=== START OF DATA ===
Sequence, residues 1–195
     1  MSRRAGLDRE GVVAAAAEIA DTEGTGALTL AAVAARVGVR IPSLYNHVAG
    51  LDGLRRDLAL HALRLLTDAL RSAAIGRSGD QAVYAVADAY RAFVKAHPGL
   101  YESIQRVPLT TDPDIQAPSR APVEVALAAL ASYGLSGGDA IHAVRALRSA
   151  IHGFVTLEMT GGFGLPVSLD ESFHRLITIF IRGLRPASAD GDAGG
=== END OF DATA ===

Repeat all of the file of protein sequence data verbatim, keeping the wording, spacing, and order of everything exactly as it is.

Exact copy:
Sequence, residues 1–195
     1  MSRRAGLDRE GVVAAAAEIA DTEGTGALTL AAVAARVGVR IPSLYNHVAG
    51  LDGLRRDLAL HALRLLTDAL RSAAIGRSGD QAVYAVADAY RAFVKAHPGL
   101  YESIQRVPLT TDPDIQAPSR APVEVALAAL ASYGLSGGDA IHAVRALRSA
   151  IHGFVTLEMT GGFGLPVSLD ESFHRLITIF IRGLRPASAD GDAGG